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Mother of All Elections

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I sat for a while contemplating what I should write about this week; then I came across an interesting and thought-provoking article by Oscar Allen in the Midweek edition of the Searchlight. The caption of my article for this week, ‘Mother of All Elections’ came naturally to mind after reading it. Oscar is suggesting that this is an election beyond any, not only in deciding who is put into office, but which party best provides the space for the renewal of Vincentian democracy.{{more}} It is an article that anyone who is concerned about the future of this country should read, even if not agreeing with all of it. But it will, at least, challenge you. Oscar feels that we have to focus beyond December 9. This, to him, is a ‘Political Election’ that does not end on December 9, but should provide us with the path for a renewal of our politics over the next three to five years. “The choice is… between an old, depraved, beat down one another victimising, corrupting politics on one hand, and an enterprising risk taking, goal setting, people lifting, innovating politics on the other.” Oscar wants us to become active ‘citizen-entrepreneurs,’ taking risks, examining and setting our goals carefully and not focussing on short-term shallow goals.

The country really needs to grow and our people have to be more involved than they ever were before. The ringing of the bell last Saturday has caused an awakening in the country, among both young and old. Vincentians seem not to be waiting on any direction from the party bosses, but have been taking things in hand. This is, however, only one side of it. Tensions are rising and a lot of nonsense is being talked, lacking rhyme or reason. There is a lot of rumour-mongering and verbal garbage being spit out. I am told I received some ‘cussing’ on Star Radio after my last article appeared. I am not sure what spawned such animosity. But, who cares? I was also the topic of conversation in Canada by a small group of friends, who after very deep, profound deliberation, came to the grand conclusion that while I was at UWI I spent my time sabotaging the Prime Minister. There are so many important, perhaps even exciting, things that we should be talking about at this time rather than the trite that dribbles out of the mouths of some. This one, however, beats it all. I worked for the University of the West Indies, which although part funded by the Caribbean governments, operates as an independent body. I carried out the work of the University, not of government. In fact, the policy of the University is to try to satisfy any requests of government as far as that was possible, but at the same time maintaining its independence. It is a pity that one is sometimes forced to respond to such rubbish. Maybe, as Mark Twain said, they must first get their facts straight and then distort them as much as they please. But this is what some of us are about, small people with small minds!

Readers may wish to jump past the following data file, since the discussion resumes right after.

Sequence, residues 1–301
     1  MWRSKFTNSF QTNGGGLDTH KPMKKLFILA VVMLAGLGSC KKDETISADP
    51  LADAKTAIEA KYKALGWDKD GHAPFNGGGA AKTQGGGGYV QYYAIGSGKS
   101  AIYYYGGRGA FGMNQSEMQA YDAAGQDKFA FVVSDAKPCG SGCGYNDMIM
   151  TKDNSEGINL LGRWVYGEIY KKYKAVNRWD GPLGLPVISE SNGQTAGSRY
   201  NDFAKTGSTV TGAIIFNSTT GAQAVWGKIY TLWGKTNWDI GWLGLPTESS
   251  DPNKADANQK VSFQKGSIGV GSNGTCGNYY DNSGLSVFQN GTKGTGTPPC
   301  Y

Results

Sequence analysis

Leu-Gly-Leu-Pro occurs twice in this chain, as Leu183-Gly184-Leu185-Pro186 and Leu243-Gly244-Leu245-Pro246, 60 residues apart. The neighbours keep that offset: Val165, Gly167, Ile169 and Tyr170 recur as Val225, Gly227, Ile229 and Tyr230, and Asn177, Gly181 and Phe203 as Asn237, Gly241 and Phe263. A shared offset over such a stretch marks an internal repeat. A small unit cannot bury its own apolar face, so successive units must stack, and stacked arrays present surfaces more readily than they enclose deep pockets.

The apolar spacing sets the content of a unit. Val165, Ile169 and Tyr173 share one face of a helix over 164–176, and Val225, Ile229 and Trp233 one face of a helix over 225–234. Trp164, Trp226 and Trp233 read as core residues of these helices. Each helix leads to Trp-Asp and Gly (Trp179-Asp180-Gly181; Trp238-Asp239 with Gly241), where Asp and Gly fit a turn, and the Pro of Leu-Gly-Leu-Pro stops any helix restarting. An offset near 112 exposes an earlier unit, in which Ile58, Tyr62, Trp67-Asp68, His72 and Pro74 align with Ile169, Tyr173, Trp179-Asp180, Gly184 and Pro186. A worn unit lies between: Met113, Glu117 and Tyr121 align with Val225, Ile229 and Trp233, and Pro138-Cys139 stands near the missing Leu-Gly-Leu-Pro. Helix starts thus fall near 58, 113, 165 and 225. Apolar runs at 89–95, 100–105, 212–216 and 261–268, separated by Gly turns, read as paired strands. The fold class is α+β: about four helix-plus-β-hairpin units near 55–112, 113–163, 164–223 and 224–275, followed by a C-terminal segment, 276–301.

The energy we see being displayed here, which I have never seen before, is a good signal, but it has to be channelled in the right direction. There is always the possibility of nastiness being played out when the temperature rises like it has done since Saturday night’s grand announcement. How do we cool things down without limiting peoples’ right to express themselves? To talk about the renewal of our democracy is to admit that at some point our democracy has become disabled. What has accounted for it? A democracy, to me, represents an active citizenry demanding participation in the affairs of the country and not sitting back awaiting Big Father. We have to begin to take responsibility and to look carefully at the governance of our state. What, if anything, have we learnt over the last five years that will force us to become more than just voters? Are we going to slip back into the degenerate ‘old party politics’, as Oscar described it, a politics with a master lauding it over us, while we await his blessings? We have to stop worshipping our leaders, making them into demigods. The relationship between leader and people has to be one of respect. If we are to move, on we cannot all sing from the same song sheet and our leaders have to recognize this, if they are interested in building a thriving people-filled democracy. But maybe they are not!

It is one thing to talk about projects, but our greatest challenge has to do with how we, the people, function. How the country moves forward depends not only on what economic policies are introduced, but on how they carry us along with them. Any plans by any government can only bear fruit if we buy into them. Vincentians are a reasonable people who do not expect miracles overnight, but hopefully want to know that you involve them; that none is benefitting at the expense of others; that there is order; that corruption is rooted out and opportunities are provided for all. Once opportunities are provided, then we will not have to sit back and depend on government to babysit us. This puts us on the road to freeing up ourselves. How we respond to this ‘mother of all elections’ will say something about us and each of us will know what that is, even if not openly expressing it. But it will also say something about our country and what we are about. There has got to be total renewal and we have to start somewhere so our ‘political election’ does not end on December 9, but prepares us for phase 2.

Dr Adrian Fraser is a social commentator and historian.

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